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Libya Humanitarian Response Plan 2021 (January 2021)

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Response plan overview





In 2021, HRP partners aim to reach approximately 451,000 people, 36 per cent of the 1.3 million people identified to be in need of humanitarian assistance. These are people with the most severe needs as a result of a partial or total collapse of living standards and basic services, increased reliance on negative coping strategies, and widespread physical and mental harm.

The response will target five groups identified as particularly vulnerable—internally displaced persons, non-displaced Libyans, returnees, and migrants and refugees— across all 22 mantikas in the country. Based on assessed needs, the response prioritizes provision of or access to critical services, such as education, health, protection, and hygiene and sanitation, as well as providing access to basic household goods and commodities including food and essential non-food items.

The response will be underpinned by two strategic objectives that aim to prevent disease, reduce risks to physical and mental wellbeing, and strengthen the protection of civilians in accordance with international legal frameworks, as well as facilitate safe, equitable and dignified access to critical services and livelihoods to enhance people’s resilience and ensure they meet their basic needs.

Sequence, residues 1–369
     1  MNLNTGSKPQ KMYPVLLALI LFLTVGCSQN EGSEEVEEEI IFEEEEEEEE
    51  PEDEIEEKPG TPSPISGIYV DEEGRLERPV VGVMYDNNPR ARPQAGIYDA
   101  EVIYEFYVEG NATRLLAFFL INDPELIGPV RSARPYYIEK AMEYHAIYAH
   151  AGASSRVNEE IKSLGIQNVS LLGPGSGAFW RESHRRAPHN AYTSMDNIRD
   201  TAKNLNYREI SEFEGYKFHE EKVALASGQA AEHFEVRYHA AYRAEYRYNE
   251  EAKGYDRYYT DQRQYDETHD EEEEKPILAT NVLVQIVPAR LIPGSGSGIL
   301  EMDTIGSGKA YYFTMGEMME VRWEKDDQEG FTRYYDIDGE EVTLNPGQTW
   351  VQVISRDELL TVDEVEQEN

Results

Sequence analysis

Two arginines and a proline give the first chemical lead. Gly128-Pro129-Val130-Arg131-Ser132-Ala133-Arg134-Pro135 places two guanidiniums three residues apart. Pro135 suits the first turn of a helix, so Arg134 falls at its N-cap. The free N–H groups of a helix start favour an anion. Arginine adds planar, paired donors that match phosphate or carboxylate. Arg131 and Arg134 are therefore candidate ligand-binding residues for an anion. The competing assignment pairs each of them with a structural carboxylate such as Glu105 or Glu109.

Protection remains at the core of the response and in addition to specific protection activities and services, protection will be mainstreamed across all interventions, ensuring a response that seeks to reduce protection risks while addressing needs.

Capacity-building is a commonly agreed priority for all sectors and will be a key component of partners’ activities. Similarly, a focus on improved evidence-based planning and response through better data collection and analysis will continue. Coordination at all levels will also be strengthened, in addition to the continuation of other support services, such as logistics. A continued focus on a more people-centered and accountable response will be pursued through reinforcing and strengthening in the inter-agency Common Feedback Mechanism (CFM).

Response modalities will include in-kind assistance and service support, as well as conditional and unconditional cash assistance. Multi-sector response approaches, such as the Rapid Response Mechanism (RRM), will strengthen intersectoral complementarity and maintain the flexibility and speed required in Libya’s volatile operating environment. Response approaches are also built around key thematic areas of intervention or geographical locations of people in need, such as health and education facilities, area of displacement and detention centres.

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